REESE: Since the release of the film, what has the response been from the subjects of the film?
OPPENHEIMER: Anwar saw the film and was really moved by the film, actually. He was silent and emotional after the film. He was tearful. His comment about the film was that it was an honest film and it shows what it’s like to be him and that he’s glad he was able to be so honest. He and I are in touch every three to four weeks, and I guess we may always remain in touch. We’ve been through a very long and painful journey together.
Herman saw the film and loves the film. I think along the way, Herman discovered acting and an actor’s loyalty to the truth. Herman’s loyalty, I think, isn’t so much to the paramilitary movement or to the status quo, because I think, ultimately, he feels used. I think making the film was a way of exposing all the injustice with which he has been forced to be complicit. I think it makes him angry that he’s had to lead a life based on being feared. Throughout the film he plays this very important role, where he leads Anwar. Whenever Anwar starts to get cold feet or withdraw, Herman either gently or forcefully leads him back. You see it in the extraordinary scene in the director’s cut where he plays the mother of a teddy bear that Anwar is butchering.
Adi recognizes what the film will do in the film, but I never screened the film for him. Adi is quite close to high-ranking political leaders in Indonesia. If he saw it early on, that could have endangered the process of releasing the film in Indonesia.
REESE: Have you seen any changes in Indonesia since the film was released?
OPPENHEIMER: The film has lead Indonesian media to start, in really big ways, investigating the genocide as a genocide for the first time in 47 years. It’s screening more widely in Indonesia than anywhere else in the world. It’s generating a huge public discussion. There’s a campaign for a presidential apology, because until they do so, there’s no chance in changing the national history curriculum that still justifies the killings as something heroic. There’s no chance of a truth commission until there’s a presidential apology. So the first step is a presidential apology, then there ought to be a truth commission. Then there needs to be a reconciliation process. Then there needs to be tribunals for the high-ranking commanders. I think nobody in the Indonesian human rights community is asking for people like Anwar to be punished. The media has published double editions of major newspapers showing testimony that Anwar is probably one of 10,000 death squad leaders in Indonesia. It would cause major social strife that’s unnecessary. But men like the newspaper boss who was the commander of all the death squad leaders in that region—surely someone like that, people feel, deserves to be on trial.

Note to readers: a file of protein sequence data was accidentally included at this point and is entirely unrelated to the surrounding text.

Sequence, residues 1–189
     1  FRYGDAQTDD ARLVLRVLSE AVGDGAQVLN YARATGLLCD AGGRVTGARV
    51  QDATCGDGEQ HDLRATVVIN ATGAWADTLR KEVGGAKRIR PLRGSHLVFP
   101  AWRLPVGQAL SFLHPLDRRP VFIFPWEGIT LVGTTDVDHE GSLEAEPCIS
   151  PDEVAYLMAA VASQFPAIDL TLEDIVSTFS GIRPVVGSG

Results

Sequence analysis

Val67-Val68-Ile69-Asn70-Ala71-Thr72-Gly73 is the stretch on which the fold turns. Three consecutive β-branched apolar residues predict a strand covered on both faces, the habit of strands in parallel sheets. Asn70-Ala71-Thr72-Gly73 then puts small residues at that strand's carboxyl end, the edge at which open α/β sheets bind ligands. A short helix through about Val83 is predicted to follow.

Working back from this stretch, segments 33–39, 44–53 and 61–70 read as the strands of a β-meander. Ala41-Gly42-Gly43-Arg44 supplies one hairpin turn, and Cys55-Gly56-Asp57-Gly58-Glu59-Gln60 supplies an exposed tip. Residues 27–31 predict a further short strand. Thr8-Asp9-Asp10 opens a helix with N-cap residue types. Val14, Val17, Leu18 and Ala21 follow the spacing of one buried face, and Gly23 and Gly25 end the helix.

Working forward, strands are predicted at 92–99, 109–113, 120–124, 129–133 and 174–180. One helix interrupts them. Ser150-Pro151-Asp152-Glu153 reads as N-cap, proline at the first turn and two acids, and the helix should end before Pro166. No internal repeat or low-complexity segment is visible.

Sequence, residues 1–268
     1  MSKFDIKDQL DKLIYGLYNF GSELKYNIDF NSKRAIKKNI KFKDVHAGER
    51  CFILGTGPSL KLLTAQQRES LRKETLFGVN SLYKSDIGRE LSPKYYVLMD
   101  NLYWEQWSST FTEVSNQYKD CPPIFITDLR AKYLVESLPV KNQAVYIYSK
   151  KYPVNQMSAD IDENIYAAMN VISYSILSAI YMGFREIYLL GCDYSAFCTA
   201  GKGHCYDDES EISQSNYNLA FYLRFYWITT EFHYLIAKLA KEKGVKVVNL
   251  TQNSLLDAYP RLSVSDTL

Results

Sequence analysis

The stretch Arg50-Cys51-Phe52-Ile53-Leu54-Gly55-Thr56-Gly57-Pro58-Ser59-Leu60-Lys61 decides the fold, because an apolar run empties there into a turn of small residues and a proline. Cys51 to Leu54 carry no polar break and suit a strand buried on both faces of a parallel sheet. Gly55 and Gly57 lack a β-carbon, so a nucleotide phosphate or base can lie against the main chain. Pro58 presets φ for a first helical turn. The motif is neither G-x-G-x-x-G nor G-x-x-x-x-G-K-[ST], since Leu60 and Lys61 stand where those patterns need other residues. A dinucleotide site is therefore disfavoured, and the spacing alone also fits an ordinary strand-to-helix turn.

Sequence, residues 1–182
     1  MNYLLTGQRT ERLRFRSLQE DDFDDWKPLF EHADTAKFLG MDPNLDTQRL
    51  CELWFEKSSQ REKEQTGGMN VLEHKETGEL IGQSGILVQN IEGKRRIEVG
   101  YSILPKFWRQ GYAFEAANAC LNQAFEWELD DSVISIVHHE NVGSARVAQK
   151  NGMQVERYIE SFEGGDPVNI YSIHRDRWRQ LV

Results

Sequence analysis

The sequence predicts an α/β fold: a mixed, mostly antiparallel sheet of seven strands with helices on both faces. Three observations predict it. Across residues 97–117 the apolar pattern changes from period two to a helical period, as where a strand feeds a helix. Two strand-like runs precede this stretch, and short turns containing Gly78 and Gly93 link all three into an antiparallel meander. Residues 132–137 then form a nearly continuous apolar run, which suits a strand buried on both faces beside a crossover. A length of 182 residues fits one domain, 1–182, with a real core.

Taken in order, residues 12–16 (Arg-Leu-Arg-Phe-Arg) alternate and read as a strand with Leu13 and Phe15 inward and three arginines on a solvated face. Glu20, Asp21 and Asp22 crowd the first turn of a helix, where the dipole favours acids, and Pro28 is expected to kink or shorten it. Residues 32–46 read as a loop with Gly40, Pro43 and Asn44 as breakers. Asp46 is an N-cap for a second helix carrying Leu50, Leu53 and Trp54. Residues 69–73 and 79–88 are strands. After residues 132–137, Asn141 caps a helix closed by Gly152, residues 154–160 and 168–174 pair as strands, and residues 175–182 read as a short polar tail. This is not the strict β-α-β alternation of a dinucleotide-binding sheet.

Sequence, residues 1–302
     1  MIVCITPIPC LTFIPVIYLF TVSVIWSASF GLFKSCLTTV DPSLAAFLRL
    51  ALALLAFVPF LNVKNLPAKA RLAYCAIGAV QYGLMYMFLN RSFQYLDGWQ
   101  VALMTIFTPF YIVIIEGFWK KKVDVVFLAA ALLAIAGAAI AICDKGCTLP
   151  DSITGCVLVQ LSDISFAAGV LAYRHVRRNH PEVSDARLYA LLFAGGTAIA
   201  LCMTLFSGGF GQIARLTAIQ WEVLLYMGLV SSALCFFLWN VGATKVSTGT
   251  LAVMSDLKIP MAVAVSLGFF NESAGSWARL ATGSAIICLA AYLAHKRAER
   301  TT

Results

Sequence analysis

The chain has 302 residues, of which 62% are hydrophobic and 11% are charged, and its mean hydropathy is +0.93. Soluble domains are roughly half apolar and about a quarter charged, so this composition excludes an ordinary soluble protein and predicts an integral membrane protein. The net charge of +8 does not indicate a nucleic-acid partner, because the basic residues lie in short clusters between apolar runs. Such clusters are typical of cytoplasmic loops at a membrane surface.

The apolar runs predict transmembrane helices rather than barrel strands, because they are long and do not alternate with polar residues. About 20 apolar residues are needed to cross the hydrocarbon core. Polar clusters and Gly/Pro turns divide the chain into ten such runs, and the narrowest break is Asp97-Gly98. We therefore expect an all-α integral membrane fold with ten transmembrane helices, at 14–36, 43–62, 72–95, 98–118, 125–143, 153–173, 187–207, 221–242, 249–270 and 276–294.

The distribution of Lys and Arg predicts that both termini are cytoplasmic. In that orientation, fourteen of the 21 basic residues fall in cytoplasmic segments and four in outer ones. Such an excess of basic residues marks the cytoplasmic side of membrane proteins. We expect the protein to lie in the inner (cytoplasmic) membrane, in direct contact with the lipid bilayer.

REESE: Watching the film, there’s an obvious fondness and friendship that Anwar feels for you. How did you rationalize that relationship that with what Anwar had done in the past?
OPPENHEIMER: I don’t think I had to rationalize it at all. Never for a second did I suspend my moral condemnation of their crimes. But I always insisted to myself that I would always see them as human beings. The message of the film is fundamentally that everybody already knows everything. They know what they’ve done is wrong, ultimately. We know it’s wrong. The whole society knows what happened. We know that we depend on the reality you see in The Act of Killing. We lie to ourselves and try to escape that bitter reality by saying that the world is divided into good guys and bad guys, and that we’re the good guys. We condemn people as evil to reassure us that we’re not like them. If there’s to be any hope of preventing these things from happening again, we have to look at the reality. That any act of evil in our history was committed by human beings like us. That, very often, we’re all implicated in it.
THE ACT OF KILLING IS NOW SCREENING IN SELECT THEATRES. FOR MORE ON THE FILM, INCLUDING WHERE TO SEE IT, VISIT ITS WEBSITE.